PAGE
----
Source: Patch New Jersey
With warmer weather having returned to New Jersey, so has the spotted lanternfly.
While they don’t sting or bite humans or animals, spotted lanternflies can significantly harm crops and trees, creating negative environmental health and economic consequences.
The insect feeds on the sap of many plants important to New Jersey, including grapevines, maples and black walnut. They excrete honeydew, which can attract bees, wasps and other insects. The substance also builds up and promotes the growth of a sooty-looking mold which can cover plants, forest understories, patio furniture, cars and other surfaces.
Spotted lanternflies are native to China, India and Vietnam. They were first discovered in the U.S. in 2014 in Berks County, Pennsylvania and have since invaded Virginia, West Virginia, Ohio, Connecticut — and New Jersey.
All counties in New Jersey except Cape May have confirmed spotted lanternfly populations, according to the New Jersey Department of Agriculture (NJDA). Since last August, the NJDA has designated these quarantine zone counties for the insect: Burlington, Camden, Essex, Gloucester, Hunterdon, Mercer, Middlesex, Monmouth, Morris, Salem, Somerset, Union, and Warren.
Because the spotted lanternfly can easily travel when nobody’s looking, the NJDA advises people in quarantine zone counties to do the following:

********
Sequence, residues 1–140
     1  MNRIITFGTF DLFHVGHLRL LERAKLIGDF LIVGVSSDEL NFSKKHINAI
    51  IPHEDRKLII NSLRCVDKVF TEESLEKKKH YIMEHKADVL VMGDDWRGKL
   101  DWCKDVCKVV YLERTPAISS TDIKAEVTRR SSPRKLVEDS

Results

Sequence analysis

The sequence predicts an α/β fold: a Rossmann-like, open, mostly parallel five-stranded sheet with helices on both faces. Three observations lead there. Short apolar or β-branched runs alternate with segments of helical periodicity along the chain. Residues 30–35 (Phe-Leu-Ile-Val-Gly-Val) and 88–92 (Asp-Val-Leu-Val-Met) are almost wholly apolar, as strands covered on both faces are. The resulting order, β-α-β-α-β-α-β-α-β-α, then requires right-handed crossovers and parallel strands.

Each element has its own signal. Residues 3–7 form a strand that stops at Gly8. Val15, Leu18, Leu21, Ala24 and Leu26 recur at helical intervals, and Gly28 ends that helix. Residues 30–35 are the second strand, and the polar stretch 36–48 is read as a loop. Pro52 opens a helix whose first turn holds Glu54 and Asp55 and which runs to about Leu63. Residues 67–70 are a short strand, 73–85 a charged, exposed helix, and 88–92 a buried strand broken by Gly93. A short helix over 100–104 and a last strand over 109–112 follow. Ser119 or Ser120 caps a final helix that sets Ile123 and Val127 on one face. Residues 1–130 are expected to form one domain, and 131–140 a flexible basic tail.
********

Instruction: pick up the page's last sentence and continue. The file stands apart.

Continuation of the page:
– Check shipping containers, propane tanks, pallets and other items stored outdoors before they are moved offsite. Inspect incoming goods for egg masses and insects. Businesses operating in quarantine zones must have permits to move equipment and goods. Visit here for more information.
– Remove host trees: Spotted lanternflies prefer the ailanthus tree, also known as “Tree of Heaven.” Try to remove them from the business properties to avoid attracting spotted lanternflies.
– Park with windows closed: When parked, make sure to keep windows closed. If possible, try to park 15 feet away from trees if in a quarantine zone.
– Before driving, inspect your vehicles for spotted lanternfly eggs or insects. Check doors, sides, bumpers, wheel wells, grills and roofs. If found, destroy any eggs or insects you find.
If you see a spotted lanternfly, stomp it out — egg masses, nymphs and adult insects. Scrape into a plastic bag and place them in the trash.
Spotted laternfly sightings and disposals in Atlantic, Bergen, Cape May, Cumberland, Hudson, Ocean, Passaic, or Sussex counties should be reported to the NJDA. If possible, take a photo.